I've been building and upgrading PCs and Macs for a long time, and if there's one question I wish I could have a dollar for every time it has been asked, it's the RAM question.
How much RAM should I install?
People ask this both when buying a new system, and when upgrading. And it's not an easy question to answer because unless you're very clear about what you want to do with the system, how long you're planning to keep it, the answer can be rather vague.
We also need to add to the equation the fact that a lot of modern systems -- especially portables, in particular MacBooks -- don't have the option for you to upgrade the RAM.
If this is the case, what you buy is what you're stuck with.
RAM is also pretty cheap. Macs and premium systems are an exception, where you end up paying a $400 premium for $100 of RAM to upgrade from 16GB to 32GB, but that's the nature of the beast.
Buy premium, pay premium.
But that's not to say you can't save money upgrading your systems that allow you to do that. At the extreme end, take the Mac Pro. That thing can take 1.5TB of RAM, and the upgrade from the base 32GB from Apple will set you back $25,000.
That's $2,085 for every 128GB DDR4 ECC module.
Shop around and you can find the same RAM for $1,098 per module.
A savings of almost $12,000.
So, how much RAM do you need?
I've simplified my thoughts on RAM for the modern world, breaking things down into four categories.
4GB: The minimum
This is what you need for a basic PC system. You're probably still going to be hating life if you use Chrome with loads of tabs open or try any kind of video editing, but it'll work.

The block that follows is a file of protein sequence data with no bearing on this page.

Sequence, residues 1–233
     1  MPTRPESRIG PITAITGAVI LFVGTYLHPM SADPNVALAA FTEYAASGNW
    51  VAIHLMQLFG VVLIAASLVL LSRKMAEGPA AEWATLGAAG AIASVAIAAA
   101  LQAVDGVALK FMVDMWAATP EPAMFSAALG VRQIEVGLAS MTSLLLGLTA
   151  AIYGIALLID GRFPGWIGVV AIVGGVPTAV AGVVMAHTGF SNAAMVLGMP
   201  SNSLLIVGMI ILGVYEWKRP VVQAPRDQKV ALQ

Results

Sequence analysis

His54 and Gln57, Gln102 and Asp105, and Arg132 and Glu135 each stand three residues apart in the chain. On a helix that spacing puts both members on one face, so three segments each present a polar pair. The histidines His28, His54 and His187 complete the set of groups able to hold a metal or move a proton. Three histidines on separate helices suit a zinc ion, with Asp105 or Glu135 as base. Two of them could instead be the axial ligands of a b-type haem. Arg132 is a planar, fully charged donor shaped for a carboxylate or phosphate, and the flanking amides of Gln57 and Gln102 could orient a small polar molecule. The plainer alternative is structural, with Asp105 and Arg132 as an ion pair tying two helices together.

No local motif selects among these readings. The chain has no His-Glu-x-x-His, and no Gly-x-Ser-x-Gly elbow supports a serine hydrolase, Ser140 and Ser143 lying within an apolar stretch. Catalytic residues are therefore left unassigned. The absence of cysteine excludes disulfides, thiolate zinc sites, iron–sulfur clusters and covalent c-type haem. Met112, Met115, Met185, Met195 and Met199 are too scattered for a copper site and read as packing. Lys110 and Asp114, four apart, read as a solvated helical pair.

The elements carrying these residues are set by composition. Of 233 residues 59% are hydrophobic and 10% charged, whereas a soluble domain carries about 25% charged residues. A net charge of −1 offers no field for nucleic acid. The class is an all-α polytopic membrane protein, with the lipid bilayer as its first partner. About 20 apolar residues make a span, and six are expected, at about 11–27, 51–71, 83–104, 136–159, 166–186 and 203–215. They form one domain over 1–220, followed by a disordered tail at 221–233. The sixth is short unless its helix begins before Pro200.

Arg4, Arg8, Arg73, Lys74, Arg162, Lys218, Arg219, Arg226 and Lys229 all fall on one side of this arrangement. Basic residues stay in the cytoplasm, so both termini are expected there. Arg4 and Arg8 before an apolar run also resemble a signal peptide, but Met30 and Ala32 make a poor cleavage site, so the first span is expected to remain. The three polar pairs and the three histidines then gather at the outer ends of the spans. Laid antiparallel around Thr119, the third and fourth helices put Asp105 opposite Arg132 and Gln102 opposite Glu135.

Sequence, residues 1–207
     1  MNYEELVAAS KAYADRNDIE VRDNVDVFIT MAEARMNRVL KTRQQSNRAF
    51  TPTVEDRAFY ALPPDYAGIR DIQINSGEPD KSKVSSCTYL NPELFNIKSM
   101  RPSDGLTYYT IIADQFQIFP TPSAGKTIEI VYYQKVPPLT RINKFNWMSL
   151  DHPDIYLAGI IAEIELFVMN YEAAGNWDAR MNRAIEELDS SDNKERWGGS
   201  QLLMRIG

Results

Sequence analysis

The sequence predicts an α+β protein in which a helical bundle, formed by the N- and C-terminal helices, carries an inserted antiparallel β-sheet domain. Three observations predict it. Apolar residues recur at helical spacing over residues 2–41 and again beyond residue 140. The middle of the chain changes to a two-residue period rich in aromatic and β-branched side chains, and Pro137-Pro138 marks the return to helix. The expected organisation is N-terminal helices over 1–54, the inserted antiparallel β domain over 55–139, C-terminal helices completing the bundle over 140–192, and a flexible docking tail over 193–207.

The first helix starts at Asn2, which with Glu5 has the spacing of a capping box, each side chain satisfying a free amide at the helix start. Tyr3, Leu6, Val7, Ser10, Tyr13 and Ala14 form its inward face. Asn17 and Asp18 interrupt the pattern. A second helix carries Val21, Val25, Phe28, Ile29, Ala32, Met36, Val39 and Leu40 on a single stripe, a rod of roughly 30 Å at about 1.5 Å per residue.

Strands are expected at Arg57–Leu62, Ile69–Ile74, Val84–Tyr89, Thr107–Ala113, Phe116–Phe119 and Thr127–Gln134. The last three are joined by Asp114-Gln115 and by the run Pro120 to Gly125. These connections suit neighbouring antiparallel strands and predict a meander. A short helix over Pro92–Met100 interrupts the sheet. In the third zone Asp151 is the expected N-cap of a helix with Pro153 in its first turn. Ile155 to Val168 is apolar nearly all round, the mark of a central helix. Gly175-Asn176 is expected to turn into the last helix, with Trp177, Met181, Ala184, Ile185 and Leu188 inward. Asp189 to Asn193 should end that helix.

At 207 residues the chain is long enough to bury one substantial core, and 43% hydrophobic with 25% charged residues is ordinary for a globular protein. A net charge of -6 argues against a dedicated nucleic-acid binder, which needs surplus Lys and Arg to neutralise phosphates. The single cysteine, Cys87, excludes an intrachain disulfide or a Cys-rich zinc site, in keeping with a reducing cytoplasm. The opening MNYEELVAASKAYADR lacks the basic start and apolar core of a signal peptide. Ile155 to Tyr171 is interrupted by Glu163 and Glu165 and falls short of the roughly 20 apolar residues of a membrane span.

And this really isn't going to be much of a gaming system.
Yes, I'm calling 8GB of RAM mainstream. This gives you an all-rounder PC that can handle gaming or HD video editing. It's the minimum recommended for applications such as Adobe Photoshop, Lightroom, and Premiere Pro.
Sure, spend a lot of time in heavy applications such as Photoshop, and you're going to feel the limit, but it's workable.
For the majority of users, this is the perfect place to be. You can run heavy duty applications side-by-side, and have the room you need for 4K video editing and high-end gaming.
Sure, run Chrome with a couple of dozen tabs open and you'll feel the pressure, but that's life.
It's funny that while the jump from 8GB to 16GB feels huge and noticeable, the jumps from 16GB to beyond don't feel as dramatic. Instead, you get to that place where you stop thinking about RAM.
A sort of digital nirvana.
But you are in workstation territory. A system where RAM is rarely going to be a limiting factor. But you need to make sure that all your other components are up to the job, because if you are spending this sort of money on RAM, you don't want to be suffering bottlenecks elsewhere.